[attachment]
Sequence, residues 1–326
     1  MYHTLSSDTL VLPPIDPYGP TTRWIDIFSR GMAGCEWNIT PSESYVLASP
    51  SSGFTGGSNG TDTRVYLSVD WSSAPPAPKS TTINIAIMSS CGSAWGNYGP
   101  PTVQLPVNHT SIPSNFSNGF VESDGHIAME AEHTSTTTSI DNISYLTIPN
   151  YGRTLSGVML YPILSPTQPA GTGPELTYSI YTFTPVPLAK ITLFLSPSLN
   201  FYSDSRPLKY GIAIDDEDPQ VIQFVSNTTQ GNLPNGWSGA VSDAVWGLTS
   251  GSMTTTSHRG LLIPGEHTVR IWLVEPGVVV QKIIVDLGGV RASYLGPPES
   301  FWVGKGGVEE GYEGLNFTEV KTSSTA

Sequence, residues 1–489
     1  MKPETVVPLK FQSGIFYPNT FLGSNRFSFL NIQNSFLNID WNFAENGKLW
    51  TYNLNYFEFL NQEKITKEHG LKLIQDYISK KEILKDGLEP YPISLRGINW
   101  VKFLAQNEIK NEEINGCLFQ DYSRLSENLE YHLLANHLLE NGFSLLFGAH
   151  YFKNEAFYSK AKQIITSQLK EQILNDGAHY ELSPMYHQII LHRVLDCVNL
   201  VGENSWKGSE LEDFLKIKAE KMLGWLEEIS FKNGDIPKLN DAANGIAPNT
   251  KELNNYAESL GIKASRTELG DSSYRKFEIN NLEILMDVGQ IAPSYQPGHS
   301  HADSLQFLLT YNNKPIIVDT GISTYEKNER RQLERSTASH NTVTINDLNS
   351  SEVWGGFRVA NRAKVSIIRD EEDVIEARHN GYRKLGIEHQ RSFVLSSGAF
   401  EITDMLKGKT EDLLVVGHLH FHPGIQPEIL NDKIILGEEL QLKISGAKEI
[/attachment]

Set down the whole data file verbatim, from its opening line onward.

Sequence, residues 1–326
     1  MYHTLSSDTL VLPPIDPYGP TTRWIDIFSR GMAGCEWNIT PSESYVLASP
    51  SSGFTGGSNG TDTRVYLSVD WSSAPPAPKS TTINIAIMSS CGSAWGNYGP
   101  PTVQLPVNHT SIPSNFSNGF VESDGHIAME AEHTSTTTSI DNISYLTIPN
   151  YGRTLSGVML YPILSPTQPA GTGPELTYSI YTFTPVPLAK ITLFLSPSLN
   201  FYSDSRPLKY GIAIDDEDPQ VIQFVSNTTQ GNLPNGWSGA VSDAVWGLTS
   251  GSMTTTSHRG LLIPGEHTVR IWLVEPGVVV QKIIVDLGGV RASYLGPPES
   301  FWVGKGGVEE GYEGLNFTEV KTSSTA

Sequence, residues 1–489
     1  MKPETVVPLK FQSGIFYPNT FLGSNRFSFL NIQNSFLNID WNFAENGKLW
    51  TYNLNYFEFL NQEKITKEHG LKLIQDYISK KEILKDGLEP YPISLRGINW
   101  VKFLAQNEIK NEEINGCLFQ DYSRLSENLE YHLLANHLLE NGFSLLFGAH
   151  YFKNEAFYSK AKQIITSQLK EQILNDGAHY ELSPMYHQII LHRVLDCVNL
   201  VGENSWKGSE LEDFLKIKAE KMLGWLEEIS FKNGDIPKLN DAANGIAPNT
   251  KELNNYAESL GIKASRTELG DSSYRKFEIN NLEILMDVGQ IAPSYQPGHS
   301  HADSLQFLLT YNNKPIIVDT GISTYEKNER RQLERSTASH NTVTINDLNS
   351  SEVWGGFRVA NRAKVSIIRD EEDVIEARHN GYRKLGIEHQ RSFVLSSGAF
   401  EITDMLKGKT EDLLVVGHLH FHPGIQPEIL NDKIILGEEL QLKISGAKEI